Trim 1/4″ from seams and press toward cream sides.
Assemble the Quilt Top
Now that you have all your 1 1/2″ squares cut out and your half square triangle and your unique blocks ready, you want to plan how they’ll be arranged to make up the quilt top.
I like to lay all my squares on a card table next to my sewing machine and play with arranging them until I get the look I want. Follow the diagram shown here to obtain the design.
The layout will be 13 squares across and 13 squares down.
Begin stitching squares together (right sides facing) to complete each row across.
Remember to use a 1/4″ seam allowance for all seams. I really like to use my 1/4″ seam foot to make sure all my seams are exactly 1/4″!!
This is especially important when sewing such tiny squares together.
If you don’t have this type of foot, make sure you know exactly where your 1/4″ sewing line is on your machine, and be careful to follow it!
As you complete a row, lay it back down on the table in the correct placement.
Pressing the Rows and Sewing Them Together
I wait to press the rows until I have each of them sewn together. Be careful to just “press” and NOT “iron” the seams in a back-and-forth motion, or your quilt top will stretch out of shape.
Begin by pressing the seams of the first row all in one direction.
Press the seams of the second row in the opposite direction. Continue to rotate the pressing direction of each row until you have the seams of all rows pressed.
Think…odd rows 1, 3, 5, etc. press the seams to the right. Even rows 2, 4, 6, etc. press the seams to the left.
By using this rotating direction of pressed seams, you will have nicely nested seams and less bulk when you sew the rows to each other.
This method of pressing distributes the bulk, which will make you happy when you machine quilt your project! Bulky seams can lead to bumpy quilting patterns, broken thread, and overall unevenness of your machine-quilted quilt top.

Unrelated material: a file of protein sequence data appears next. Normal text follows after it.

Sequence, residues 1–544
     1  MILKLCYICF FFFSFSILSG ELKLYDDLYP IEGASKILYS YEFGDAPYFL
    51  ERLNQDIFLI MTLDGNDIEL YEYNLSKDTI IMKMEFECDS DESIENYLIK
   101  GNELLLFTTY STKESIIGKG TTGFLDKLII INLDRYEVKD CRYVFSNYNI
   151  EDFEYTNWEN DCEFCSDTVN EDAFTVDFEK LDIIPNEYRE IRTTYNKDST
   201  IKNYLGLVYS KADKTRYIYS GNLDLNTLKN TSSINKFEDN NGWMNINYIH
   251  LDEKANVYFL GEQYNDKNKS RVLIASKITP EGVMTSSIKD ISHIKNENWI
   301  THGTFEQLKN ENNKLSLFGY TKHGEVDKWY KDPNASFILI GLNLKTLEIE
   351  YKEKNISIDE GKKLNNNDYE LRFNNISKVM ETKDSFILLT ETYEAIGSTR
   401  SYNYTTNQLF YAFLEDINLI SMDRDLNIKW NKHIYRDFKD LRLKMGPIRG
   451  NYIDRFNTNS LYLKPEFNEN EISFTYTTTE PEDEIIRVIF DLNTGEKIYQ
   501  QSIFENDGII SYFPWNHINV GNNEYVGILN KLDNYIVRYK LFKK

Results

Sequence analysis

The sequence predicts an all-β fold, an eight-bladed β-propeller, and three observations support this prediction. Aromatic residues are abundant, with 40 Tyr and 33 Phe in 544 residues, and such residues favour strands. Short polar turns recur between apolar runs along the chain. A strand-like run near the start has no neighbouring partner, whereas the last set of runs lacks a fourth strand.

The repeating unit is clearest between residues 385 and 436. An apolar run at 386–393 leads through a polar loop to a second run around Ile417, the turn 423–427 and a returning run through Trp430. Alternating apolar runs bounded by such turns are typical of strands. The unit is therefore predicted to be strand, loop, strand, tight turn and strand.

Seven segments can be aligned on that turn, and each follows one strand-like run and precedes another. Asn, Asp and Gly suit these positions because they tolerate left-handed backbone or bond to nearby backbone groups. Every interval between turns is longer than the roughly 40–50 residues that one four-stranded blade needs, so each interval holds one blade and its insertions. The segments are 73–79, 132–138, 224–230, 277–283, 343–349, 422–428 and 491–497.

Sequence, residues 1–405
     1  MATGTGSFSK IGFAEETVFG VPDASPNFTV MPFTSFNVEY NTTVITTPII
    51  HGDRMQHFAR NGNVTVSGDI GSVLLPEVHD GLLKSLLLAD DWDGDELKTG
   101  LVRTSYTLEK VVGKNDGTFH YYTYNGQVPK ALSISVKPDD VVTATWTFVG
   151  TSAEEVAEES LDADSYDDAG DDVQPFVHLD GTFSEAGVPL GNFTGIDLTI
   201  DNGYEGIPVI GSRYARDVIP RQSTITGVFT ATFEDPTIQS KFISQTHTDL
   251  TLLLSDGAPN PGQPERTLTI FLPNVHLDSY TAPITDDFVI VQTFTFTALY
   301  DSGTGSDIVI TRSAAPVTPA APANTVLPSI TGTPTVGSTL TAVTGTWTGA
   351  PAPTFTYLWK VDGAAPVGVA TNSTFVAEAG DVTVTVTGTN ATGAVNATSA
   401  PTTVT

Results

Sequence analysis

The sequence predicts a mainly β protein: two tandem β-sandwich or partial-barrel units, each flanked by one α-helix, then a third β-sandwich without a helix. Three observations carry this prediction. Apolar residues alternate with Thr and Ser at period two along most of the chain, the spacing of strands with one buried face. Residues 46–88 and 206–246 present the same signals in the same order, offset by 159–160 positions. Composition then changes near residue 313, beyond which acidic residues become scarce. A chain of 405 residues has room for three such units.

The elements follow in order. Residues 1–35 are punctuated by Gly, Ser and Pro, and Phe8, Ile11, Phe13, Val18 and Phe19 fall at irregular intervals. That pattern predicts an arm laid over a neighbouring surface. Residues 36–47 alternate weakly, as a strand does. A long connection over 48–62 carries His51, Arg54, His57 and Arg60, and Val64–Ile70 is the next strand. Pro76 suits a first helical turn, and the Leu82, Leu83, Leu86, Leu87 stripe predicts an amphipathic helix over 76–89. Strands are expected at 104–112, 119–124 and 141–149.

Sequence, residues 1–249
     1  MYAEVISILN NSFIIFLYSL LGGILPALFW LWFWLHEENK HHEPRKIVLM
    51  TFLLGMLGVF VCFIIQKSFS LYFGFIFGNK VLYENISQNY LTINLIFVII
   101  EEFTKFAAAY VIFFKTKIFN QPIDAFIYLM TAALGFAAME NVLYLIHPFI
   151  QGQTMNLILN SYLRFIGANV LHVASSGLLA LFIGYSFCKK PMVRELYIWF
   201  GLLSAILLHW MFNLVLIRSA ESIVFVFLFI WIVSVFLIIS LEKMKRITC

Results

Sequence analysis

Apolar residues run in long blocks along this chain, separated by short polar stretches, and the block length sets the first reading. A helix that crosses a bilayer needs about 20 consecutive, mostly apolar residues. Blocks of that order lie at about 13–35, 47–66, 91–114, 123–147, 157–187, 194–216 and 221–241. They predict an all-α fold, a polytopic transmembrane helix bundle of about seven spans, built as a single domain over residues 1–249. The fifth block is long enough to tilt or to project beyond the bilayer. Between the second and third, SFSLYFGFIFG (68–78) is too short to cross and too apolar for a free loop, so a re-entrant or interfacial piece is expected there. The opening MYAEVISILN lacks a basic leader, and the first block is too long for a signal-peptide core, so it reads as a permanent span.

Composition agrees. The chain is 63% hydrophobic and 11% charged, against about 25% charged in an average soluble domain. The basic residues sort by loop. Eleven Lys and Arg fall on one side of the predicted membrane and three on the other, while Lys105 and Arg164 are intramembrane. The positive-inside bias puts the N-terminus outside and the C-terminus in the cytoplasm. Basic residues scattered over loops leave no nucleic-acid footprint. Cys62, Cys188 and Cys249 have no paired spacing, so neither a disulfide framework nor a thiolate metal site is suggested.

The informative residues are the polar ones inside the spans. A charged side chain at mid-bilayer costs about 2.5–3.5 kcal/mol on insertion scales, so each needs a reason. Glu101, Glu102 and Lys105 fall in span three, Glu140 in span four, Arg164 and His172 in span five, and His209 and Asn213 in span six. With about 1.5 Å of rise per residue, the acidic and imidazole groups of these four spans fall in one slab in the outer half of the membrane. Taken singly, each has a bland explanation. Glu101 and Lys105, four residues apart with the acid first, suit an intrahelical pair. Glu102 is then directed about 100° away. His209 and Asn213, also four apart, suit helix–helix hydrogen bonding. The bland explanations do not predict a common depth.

Now that you have the pieced rows pressed, sew them together!
Pin row 1 (this can either be the top row or the bottom row) and row 2 together, right sides together. Make sure to line up the seams so they nest together, and pin directly on the seams perpendicular to the edge (rather than parallel) to hold them in place.
Remove the pins as you come to them when you’re stitching the 1/4″ seam.
I like to press each set of rows as I sew them together. The rows all get pressed in one direction, either towards the top or towards the bottom.
By pressing them all in one direction it will make for a uniform and smooth quilt top. Repeat until you have all of the rows sewn to each other and pressed.
Finishing the Quilt
Now that you have your quilt top sewn together, it’s time to finish it!
Layering the Top, Batting, and Back
I refer to layering the quilt as “sandwiching”. You need to sandwich the top and back with the batting in the middle.
For a larger quilt, this process takes a bit more time and steps. But for this mini quilt, it’s a breeze to sandwich the layers together!
On a table or countertop, use masking or painter’s tape to tape down the backing fabric. As you tape the back to the table, you’ll want to make sure the fabric is smooth, without wrinkles. Also, make sure the right side of the fabric is facing down!
Lay the batting on top of the taped-down quilt back, and move your hands across it to smooth it all over. This will get rid of any wrinkles in the batting, and help to adhere it to the backing fabric. This quilt is so small, you don’t need to use basting spray to adhere the layers together. Just a few pins will do the trick!
Once you have the batting placed on top of the quilt back, center the top of the quilt (the flimsy!) over the two bottom layers. Right side facing up, of course! The two bottom layers of the quilt (the back and the batting) should extend about 2” all around the outside edges of the quilt top.
Move your hands across the quilt top to smooth it all over, and help remove any wrinkles. This will also help adhere the quilt top to the batting a little bit. Once you have the top of the quilt all smoothed out, use large safety pins to baste all three layers together. I like to use 1 1/2″ stainless pins, and I keep them all in a cute old canning jar that was my grandma’s.
Put a pin in each corner of the quilt sandwich, in the middle, and around the quilt so the three layers don’t move around when you’re machine quilting this project. I used about 8-10 pins to hold the sandwich together. You really don’t want to use more than this or you’ll be needing to stop a lot when you’re quilting to remove pins, which upsets the mojo of your quilting rhythm, lol!
“Quilting” the Quilt